Diana Olick is an Emmy Award-winning journalist, currently serving as CNBC's real estate correspondent as well as the author of the Realty Check section on CNBC.com. She also contributes her real estate expertise to NBC's "Today" and "NBC Nightly News with Brian Williams."
Prior to joining CNBC in 2002, Olick spent seven years as a correspondent for CBS News.
Olick began her career as a local news reporter at WABI-TV in Bangor, Maine; WZZM-TV in Grand Rapids, Mich.; and KIRO-TV in Seattle. She joined CBS in 1994 as a New York-based correspondent for the "CBS Evening News with Dan Rather" and "The Early Show." She also contributed pieces to "48 Hours" and "Sunday Morning." During that time, she covered such stories as the World Trade Center conspiracy trial and the Boston abortion clinic shooting.
In 1995, Olick was assigned to cover the Midwest as a Dallas bureau correspondent. In the three years she was there, she covered all forms of natural disaster, including the crash of TWA Flight 800, the JonBenet Ramsey murder mystery and was the exclusive correspondent for the trial of Oklahoma City bomber Terry Nichols. During that time, she also took a temporary assignment in CBS' Moscow bureau, where she chronicled the brief presidential campaign of Mikhail Gorbachev.
In 1998, Olick was reassigned to the New York bureau and then immediately posted to Bahrain for the buildup to a possible second Gulf War. A year later, she went to Albania to cover the U.S. military buildup during the conflict in Kosovo.
Upon her return, Olick was reassigned to CBS' Washington bureau and the Capitol Hill beat. During Campaign 2000, Olick covered the Senate campaign of First Lady Hillary Rodham Clinton and later joined the Bush campaign as a special correspondent for "The Early Show." That fall, she was named Supreme Court correspondent; her first case was Bush v. Gore.
Olick has a B.A. in comparative literature with a minor in soviet studies from Columbia College in New York and a master's degree in journalism from Northwestern's Medill School of Journalism.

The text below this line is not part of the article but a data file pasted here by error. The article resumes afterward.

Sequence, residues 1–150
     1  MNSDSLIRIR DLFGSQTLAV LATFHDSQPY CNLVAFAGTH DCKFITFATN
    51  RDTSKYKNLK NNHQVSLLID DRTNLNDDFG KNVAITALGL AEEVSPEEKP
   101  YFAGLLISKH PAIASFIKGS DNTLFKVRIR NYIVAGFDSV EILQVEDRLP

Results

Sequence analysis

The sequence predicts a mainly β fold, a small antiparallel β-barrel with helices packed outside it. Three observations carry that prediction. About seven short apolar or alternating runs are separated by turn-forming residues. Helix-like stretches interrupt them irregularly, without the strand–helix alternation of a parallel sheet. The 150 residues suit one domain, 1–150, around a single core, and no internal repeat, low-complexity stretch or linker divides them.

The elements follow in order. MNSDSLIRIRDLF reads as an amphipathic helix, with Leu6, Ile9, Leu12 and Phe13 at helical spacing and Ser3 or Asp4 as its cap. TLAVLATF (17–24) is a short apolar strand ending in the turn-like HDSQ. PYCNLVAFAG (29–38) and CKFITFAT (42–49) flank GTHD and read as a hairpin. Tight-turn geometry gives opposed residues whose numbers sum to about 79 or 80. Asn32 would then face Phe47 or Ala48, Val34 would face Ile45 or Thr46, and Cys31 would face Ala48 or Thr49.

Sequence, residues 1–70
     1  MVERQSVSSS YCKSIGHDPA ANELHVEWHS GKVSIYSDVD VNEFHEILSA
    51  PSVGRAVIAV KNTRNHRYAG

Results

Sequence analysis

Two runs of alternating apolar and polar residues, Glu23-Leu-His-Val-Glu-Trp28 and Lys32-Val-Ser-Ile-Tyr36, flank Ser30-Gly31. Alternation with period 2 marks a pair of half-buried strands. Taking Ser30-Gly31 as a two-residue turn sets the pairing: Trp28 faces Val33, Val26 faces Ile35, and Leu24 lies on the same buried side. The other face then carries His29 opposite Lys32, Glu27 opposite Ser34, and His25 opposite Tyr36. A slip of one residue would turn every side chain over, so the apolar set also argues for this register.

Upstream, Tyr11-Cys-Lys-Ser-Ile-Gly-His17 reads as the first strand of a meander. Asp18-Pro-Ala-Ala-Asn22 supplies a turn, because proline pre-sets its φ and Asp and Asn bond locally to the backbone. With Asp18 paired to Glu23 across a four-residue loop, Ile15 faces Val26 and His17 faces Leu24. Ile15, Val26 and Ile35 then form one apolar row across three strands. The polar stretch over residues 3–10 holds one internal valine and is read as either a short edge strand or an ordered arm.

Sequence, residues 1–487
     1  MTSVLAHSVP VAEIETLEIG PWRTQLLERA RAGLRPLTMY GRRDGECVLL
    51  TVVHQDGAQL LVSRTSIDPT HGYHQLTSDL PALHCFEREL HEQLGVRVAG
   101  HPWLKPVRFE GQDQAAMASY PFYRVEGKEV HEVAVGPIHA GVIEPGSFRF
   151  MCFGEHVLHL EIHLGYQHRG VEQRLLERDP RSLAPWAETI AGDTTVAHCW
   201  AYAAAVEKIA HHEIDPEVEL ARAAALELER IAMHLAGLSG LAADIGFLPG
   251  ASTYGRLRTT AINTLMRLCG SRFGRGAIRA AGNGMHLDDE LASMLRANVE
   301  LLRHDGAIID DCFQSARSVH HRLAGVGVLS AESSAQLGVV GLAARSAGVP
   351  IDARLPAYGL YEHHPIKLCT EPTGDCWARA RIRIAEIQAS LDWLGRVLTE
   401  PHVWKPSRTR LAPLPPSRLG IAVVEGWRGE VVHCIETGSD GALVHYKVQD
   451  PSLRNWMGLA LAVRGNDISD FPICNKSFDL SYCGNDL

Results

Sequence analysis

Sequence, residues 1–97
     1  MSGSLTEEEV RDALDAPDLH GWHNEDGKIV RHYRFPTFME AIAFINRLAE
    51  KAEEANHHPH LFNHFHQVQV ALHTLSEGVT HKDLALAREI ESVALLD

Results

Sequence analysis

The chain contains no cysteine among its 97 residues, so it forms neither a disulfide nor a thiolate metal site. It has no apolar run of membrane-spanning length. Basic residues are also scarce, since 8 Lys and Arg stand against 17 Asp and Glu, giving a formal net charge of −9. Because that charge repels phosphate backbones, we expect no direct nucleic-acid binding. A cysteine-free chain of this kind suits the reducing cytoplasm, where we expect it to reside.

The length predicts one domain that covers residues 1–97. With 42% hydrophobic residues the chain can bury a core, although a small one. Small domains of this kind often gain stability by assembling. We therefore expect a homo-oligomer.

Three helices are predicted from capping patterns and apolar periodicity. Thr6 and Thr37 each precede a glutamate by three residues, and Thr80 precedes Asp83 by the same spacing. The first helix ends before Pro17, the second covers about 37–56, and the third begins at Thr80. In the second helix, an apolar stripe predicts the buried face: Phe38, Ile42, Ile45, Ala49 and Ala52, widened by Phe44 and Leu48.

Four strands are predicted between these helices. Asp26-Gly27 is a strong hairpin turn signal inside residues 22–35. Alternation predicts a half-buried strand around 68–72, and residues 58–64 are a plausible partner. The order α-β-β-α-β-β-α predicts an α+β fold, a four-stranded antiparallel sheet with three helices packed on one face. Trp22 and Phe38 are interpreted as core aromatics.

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While some of you may wonder why a home builder would even want to hammer a nail these days, they do still need to stay in business, and their business is to build. That said, there is new concern from builders today that the credit crunch on Wall Street is hitting small builders where they live, or at least where they want you to live.
An interesting tidbit from this month's RealtyTrac foreclosure report. The online service provides data on default notices, auction notices and bank reposessions, as well as lists foreclosed properties for a fee.
Update: Oops..seems this isn't real after all. The email that got sent around has been exposed as a fraud according to an article in the New York Daily News. This house is in Toronto and NOT for sale.
Let me not to the marriage of true minds admit impediments, I always say (ok, you know I didn't say it), but this one boggles the mind. As House Financial Services Committee Chairman Barney Frank was launching unveiled threats to lenders today that they'd better write down the value of troubled loans or face stiff regulation in the future...
I realize you’re all going to get on my case again for saying something nice about a home builder, but here’s the thing: After reporting the obscene amount of money a certain CEO of a certain mega-mortgage company raked in last year (Mozilo of Countrywide), I simply have to give a shout-out to Lennar for their no-performance, no-pay policy.
Not since the defenestration of Prague has anyone landed in a bigger pile of doo-doo than I did last week, when I defended a tax break for the nation’s home builders. The Senate finished up its version of a bill to save troubled homeowners, and it included a provision that would allow home builders to carry losses back several years to profitable years.
The Mortgage Bankers didn't like my post today, even though I cited the Washington Post as my source. They claim the Post story was not right. I'm not taking sides, I just want all the sides to have their say, so here's the MBA:
I’m sure there are plenty of troubled borrowers around the country who will do a bit more than chortle when they hear the story of how the Mortgage Bankers Association is having trouble paying the mortgage on its new building in downtown DC.